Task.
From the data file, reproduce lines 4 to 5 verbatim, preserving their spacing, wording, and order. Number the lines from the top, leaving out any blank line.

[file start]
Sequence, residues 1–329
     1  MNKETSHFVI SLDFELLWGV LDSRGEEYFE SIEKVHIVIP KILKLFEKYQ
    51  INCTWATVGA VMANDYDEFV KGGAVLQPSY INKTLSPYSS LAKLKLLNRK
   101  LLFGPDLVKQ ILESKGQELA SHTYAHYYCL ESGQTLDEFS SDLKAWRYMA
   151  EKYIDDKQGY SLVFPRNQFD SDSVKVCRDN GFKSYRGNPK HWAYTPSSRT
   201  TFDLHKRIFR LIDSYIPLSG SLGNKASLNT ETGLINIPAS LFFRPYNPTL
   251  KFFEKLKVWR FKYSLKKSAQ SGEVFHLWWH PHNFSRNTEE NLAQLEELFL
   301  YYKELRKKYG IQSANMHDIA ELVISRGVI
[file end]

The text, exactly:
   101  LLFGPDLVKQ ILESKGQELA SHTYAHYYCL ESGQTLDEFS SDLKAWRYMA
   151  EKYIDDKQGY SLVFPRNQFD SDSVKVCRDN GFKSYRGNPK HWAYTPSSRT